ii) Russell Group Universities
I vividly remember a conversation I had with one of my college tutors during one of my lowest moments in upper sixth. She told me she was going to get me into a Russell Group university with all the power she had, because I was too good not to go to one.
Don’t get me wrong, I really appreciated the comments (although, in truth, they just made me more adamant that I wasn’t going to go). But why the obsession for clever people to go to Russell groups? There are so many more educational establishments out there! Not all clever people are academic and even those who are don’t always respond to their style of teaching.
I’m in a great position to comment on this one. My undergraduate degree was at a Russell Group, my postgraduate one was at what is classed as a polytechnic.
There are many reasons why I preferred Lincoln to Nottingham, most of which I address this month. But possibly the biggest, and most important, was the relationship between students and tutors.
My view of teachers is an odd one. I’ve never seen them as superior to me, or in any way above me. My favourite teachers are the ones who have treated me as equal to them, not as people who are there to educate me and nothing else. I had a maths teacher who made a few mistakes (another thing I can’t stand in teachers – those who can’t accept they make mistakes: everyone does) and I was that dick who pointed them out. He always followed his correction with a petty insult about Everton or my hair. That was the kind of teacher-student interaction I was always after.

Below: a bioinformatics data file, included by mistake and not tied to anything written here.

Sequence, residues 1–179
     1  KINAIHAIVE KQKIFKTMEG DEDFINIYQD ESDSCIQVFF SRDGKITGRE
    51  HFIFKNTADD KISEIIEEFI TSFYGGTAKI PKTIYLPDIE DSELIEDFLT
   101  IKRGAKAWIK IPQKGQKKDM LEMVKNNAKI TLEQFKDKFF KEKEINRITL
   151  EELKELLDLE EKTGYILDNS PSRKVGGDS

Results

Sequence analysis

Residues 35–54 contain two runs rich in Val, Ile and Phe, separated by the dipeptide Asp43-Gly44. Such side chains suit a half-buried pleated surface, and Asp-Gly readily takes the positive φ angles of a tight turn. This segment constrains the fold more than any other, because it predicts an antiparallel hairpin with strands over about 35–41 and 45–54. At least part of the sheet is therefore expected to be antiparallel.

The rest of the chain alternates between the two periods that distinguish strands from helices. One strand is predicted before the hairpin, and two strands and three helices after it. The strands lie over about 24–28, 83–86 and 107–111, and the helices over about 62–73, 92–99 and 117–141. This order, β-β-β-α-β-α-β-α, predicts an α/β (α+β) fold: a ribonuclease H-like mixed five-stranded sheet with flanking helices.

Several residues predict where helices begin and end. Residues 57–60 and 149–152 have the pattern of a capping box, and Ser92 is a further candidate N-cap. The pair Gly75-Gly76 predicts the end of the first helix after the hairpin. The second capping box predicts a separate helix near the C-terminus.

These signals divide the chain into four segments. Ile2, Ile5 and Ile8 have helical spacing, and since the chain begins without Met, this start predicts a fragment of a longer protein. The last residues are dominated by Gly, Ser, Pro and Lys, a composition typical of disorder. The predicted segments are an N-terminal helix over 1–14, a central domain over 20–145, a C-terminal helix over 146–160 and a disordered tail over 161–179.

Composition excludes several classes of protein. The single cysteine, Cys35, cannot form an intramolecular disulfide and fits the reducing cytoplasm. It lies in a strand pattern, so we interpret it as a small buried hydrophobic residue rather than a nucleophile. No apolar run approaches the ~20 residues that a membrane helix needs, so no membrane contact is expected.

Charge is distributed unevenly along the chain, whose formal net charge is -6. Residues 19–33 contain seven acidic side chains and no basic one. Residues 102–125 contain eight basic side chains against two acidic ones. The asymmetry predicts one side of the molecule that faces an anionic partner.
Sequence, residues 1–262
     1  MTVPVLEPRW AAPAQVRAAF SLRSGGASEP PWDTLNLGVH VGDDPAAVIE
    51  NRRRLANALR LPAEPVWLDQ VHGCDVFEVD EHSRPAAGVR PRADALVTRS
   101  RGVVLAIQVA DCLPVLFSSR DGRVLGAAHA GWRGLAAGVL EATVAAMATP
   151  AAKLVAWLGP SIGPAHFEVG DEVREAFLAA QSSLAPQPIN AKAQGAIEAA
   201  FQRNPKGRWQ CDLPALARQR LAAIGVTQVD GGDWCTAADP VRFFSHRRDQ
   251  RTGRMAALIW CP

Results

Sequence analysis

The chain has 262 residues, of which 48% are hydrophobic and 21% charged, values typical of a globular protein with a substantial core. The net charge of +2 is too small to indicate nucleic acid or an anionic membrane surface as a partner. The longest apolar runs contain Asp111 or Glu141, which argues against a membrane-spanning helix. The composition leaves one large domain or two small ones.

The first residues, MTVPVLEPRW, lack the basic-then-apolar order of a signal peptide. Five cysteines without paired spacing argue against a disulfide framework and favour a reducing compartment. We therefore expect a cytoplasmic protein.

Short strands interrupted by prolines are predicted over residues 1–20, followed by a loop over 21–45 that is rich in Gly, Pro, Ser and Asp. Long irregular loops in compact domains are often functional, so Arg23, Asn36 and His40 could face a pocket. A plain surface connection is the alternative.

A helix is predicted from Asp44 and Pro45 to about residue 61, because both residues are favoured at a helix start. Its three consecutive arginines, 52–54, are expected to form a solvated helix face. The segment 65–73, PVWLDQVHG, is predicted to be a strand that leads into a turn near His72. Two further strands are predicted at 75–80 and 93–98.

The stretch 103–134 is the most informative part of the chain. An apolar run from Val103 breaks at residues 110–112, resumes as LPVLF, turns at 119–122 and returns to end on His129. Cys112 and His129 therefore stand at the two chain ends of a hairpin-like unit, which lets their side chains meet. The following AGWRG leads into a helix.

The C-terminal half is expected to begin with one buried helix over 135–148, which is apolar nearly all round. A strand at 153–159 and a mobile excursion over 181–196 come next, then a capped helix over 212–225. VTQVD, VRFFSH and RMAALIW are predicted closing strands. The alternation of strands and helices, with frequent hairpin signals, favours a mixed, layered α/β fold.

I was, naively possibly, expecting university to be more like that. Banter, for lack of a better word, jokes and laughter – not just hard work. I certainly didn’t expect tutors to see us as anything other than equals who are after a helping hand to get them to a higher level. After all, where does hierarchy end? A student could become a teacher pretty quickly after being taught by their now colleagues, is that change expected to happen overnight or should it be a more gradual process? We all have different views, mine is personally the latter.
The other thing is, I’m fine with calling my teachers Mr this, Miss that in high school and college but once I reach 18 and am classed as an adult by everyone in society I should be able to call tutors by their first name. Titles are there for a reason, but if they address me as Gareth and not Mr Hardman then I should call them Jim and not Professor Moriarty.
I’m very modern, I know.
I’ve addressed this many times, so many people are probably bored by my repetition but I’ll say it one final time for effect, in Nottingham my tutors were all either Dr or Prof, in Lincoln they were all their first name. It made me immediately feel more at home, it immediately made sure I enjoyed it more.
It shows the major difference between Russell Groups and polys. At RG, they care about grades, at polys about people. I’ve not got a job from either of them, but the skills gleaned and the results achieved which I prioritise when mentioning my life to people all come from Lincoln.
In fact, I associate myself more with Lincoln now than with Nottingham. Nottingham is where I live, no longer where I went to university. Lincoln is my university town.
I appreciated the help I got from Xaverian to get into a good university, I just wish I had been offered the positives of going to what would be considered a less academic university.
There’s no doubt that RG universities play an important role in shaping the country’s future. But they aren’t for everyone, and that needs to be pointed out louder and clearer than it currently is.